CRM Evolve was a great and successful event, but one can always give suggestions for next year… Medium: less paper and podiums, more interaction. Perspective: More voice of customer, less voice of vendors and analysts. Content: more case studies (like drugstore.com, a big hit), less competing terminology and frameworks. Attitude: more openess, better integration with online.
Social CRM – It is time to move beyond the echo chamber
The level of resonance was very high and there is clearly convergence of thinking among vendors, analysts and consultants focused on Social CRM. I believe it is now time to invite, include, and listen to the user community, traditional CRM vendors, international perspectives, competing groups (social business, enterprise 2.0, etc).
If we truly believe the world is shifting towards less control of the conversation by the experts, we as a community need to put that to practice by including and accepting diverse perspectives.
Have we over-hyped the Social in “Social CRM”? Yes, we have. I think that is a natural market dynamic to create a critical mass of awareness and a basic framework of ideas and terminology. For more thoughts on that, see The Future is not Tomorrow.
takeaways from discussions
Some of my favorites, notes, ideas and quotes from 3 days of meetings.
“Customer Service is the new Public Relations”. This came up a few times in several sessions (including but not limited to Emily Yellin keynote, Dr. Natalie’s session, Drugstore.com). Companies need to realize that shouting to customers before the sale and talking to them after the sale is no longer an appropriate segmentation. Creating a satisfying customer experience and increasing business will depend on both integrating the PR and CS efforts and engaging with customers from the beginning of the relationship.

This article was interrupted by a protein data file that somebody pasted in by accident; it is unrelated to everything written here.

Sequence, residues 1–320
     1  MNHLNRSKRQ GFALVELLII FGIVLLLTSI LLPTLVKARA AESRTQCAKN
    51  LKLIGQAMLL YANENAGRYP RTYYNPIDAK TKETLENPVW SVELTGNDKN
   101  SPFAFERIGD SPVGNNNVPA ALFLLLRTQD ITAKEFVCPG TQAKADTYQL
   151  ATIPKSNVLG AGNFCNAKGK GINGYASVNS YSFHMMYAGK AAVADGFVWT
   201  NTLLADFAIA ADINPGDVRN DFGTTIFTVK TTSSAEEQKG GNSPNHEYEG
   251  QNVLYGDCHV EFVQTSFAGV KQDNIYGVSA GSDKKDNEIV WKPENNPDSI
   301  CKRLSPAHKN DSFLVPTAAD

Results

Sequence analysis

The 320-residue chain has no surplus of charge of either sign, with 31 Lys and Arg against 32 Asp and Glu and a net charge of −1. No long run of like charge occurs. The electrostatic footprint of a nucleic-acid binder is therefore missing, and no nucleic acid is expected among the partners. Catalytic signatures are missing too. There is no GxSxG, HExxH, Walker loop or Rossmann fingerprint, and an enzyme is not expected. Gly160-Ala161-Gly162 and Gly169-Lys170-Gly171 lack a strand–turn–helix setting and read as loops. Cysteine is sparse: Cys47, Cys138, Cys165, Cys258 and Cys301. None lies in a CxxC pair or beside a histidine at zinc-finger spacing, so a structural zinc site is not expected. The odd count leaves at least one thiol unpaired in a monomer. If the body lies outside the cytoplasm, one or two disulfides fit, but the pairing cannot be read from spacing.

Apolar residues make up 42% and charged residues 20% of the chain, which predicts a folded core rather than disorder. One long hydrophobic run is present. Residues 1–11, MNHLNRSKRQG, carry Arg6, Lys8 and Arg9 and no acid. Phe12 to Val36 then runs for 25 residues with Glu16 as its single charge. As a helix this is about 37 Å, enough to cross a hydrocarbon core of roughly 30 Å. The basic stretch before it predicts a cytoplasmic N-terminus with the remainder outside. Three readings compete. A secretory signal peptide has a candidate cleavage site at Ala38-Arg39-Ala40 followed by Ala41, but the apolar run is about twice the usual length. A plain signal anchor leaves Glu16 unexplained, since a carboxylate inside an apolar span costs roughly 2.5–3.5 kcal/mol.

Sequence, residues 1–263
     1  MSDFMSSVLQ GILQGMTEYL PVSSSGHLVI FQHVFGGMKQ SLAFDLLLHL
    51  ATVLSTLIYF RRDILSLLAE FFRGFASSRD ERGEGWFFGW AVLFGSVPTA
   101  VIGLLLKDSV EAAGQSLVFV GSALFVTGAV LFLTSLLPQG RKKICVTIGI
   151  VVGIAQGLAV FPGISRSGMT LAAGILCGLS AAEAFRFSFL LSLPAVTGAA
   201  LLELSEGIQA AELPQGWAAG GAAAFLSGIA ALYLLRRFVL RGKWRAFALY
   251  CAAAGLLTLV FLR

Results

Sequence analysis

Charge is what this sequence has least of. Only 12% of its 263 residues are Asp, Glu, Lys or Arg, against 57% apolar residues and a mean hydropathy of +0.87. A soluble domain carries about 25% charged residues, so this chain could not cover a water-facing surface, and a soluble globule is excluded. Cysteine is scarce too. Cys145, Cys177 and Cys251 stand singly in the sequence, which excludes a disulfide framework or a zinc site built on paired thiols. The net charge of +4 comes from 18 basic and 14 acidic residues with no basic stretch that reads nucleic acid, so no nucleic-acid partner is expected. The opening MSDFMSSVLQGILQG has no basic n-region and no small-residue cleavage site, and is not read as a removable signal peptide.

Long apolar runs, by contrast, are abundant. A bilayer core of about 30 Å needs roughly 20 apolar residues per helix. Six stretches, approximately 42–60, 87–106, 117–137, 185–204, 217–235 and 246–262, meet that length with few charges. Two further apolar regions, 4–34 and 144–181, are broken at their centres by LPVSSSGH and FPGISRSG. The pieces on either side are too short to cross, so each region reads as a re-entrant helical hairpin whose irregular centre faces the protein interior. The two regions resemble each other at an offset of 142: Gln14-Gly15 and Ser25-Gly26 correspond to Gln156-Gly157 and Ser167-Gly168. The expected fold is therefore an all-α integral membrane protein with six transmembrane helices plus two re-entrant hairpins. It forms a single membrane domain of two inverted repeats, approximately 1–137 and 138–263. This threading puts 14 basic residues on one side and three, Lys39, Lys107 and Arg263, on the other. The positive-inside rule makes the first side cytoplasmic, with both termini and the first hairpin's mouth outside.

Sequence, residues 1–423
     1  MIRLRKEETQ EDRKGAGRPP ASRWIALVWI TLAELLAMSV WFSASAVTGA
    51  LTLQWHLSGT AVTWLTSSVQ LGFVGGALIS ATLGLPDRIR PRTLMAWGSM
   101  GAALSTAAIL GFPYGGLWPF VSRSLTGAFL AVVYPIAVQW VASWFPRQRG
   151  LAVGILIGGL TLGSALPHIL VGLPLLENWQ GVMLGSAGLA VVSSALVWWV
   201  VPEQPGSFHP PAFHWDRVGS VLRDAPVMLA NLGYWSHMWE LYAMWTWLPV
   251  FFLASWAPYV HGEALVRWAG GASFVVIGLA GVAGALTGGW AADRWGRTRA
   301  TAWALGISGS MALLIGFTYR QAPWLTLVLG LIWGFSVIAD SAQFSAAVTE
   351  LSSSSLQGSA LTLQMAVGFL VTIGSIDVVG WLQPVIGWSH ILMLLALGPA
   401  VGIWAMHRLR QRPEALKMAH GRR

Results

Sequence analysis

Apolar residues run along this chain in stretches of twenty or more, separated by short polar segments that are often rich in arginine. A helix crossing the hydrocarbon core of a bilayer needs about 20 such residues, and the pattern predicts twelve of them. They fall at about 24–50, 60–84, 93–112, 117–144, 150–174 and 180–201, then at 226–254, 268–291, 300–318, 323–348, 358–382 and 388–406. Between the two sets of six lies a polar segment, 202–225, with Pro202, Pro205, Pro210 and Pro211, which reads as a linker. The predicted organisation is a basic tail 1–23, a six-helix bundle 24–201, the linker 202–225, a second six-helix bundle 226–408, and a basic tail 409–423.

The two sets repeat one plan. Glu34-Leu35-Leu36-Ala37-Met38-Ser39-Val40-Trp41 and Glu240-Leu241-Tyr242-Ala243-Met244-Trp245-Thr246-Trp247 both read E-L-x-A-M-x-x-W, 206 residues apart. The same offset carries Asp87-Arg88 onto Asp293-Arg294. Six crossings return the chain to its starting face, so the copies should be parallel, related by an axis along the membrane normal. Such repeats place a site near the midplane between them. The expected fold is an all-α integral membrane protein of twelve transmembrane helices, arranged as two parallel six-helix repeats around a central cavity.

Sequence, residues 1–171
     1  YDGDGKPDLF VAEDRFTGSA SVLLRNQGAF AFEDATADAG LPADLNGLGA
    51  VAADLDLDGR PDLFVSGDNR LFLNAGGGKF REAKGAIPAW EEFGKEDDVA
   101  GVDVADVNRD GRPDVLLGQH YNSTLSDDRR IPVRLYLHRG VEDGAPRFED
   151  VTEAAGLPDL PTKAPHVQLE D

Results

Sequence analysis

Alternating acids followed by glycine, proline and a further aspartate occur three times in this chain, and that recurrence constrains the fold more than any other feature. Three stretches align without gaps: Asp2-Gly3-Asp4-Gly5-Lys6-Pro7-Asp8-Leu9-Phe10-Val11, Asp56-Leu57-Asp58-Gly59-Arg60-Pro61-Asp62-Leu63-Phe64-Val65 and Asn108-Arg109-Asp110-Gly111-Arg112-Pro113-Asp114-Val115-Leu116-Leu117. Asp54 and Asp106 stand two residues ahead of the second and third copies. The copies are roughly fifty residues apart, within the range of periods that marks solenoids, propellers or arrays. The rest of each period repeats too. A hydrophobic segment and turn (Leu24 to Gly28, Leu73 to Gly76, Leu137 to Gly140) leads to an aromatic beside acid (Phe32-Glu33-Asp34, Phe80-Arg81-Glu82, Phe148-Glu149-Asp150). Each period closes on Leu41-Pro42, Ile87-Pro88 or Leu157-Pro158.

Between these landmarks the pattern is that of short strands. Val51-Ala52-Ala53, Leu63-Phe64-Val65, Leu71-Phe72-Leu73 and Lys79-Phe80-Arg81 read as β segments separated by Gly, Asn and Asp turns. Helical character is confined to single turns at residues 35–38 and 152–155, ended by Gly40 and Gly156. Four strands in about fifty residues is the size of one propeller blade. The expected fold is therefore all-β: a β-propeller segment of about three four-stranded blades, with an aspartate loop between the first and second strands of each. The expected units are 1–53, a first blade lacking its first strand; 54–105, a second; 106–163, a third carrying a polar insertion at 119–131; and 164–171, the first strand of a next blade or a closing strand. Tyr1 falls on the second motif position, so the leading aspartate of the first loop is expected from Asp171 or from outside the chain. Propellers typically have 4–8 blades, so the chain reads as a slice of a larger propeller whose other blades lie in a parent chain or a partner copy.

“Down with Organization Silos”. Was also a recurring theme. Marketing and Sales need to work together. Customer Service is the new Public Relations is the new Technical Support is the new Marketing.
“The digital medium is global”. Esteban talked about how market interaction has to go from “multi-channel” (i.e. engagement through a diverse mix of media) to “cross-channel” (i.e. being able, for example, to start a conversation on Twitter and seamless move to the phone and going back to e-mail without losing context). Jesus Hoyos highlighted local factors to consider when deploying CRM solutions. In the digital medium, companies cannot segment their channels based on their geographical organizations.
My favorite quotes (includes my own thoughts along the event):
Conference bags with paper brochures in it – let’s stop the waste @Marcio_Saito
As said before. This is a small but telling detail of how the business model for conferences has also to adapt to a more digital world.
Customer Service is PR, PR is Customer Service @drnatalie
There is not point in having a shouting department and a listening department. It should be called “Customer Engagement department”.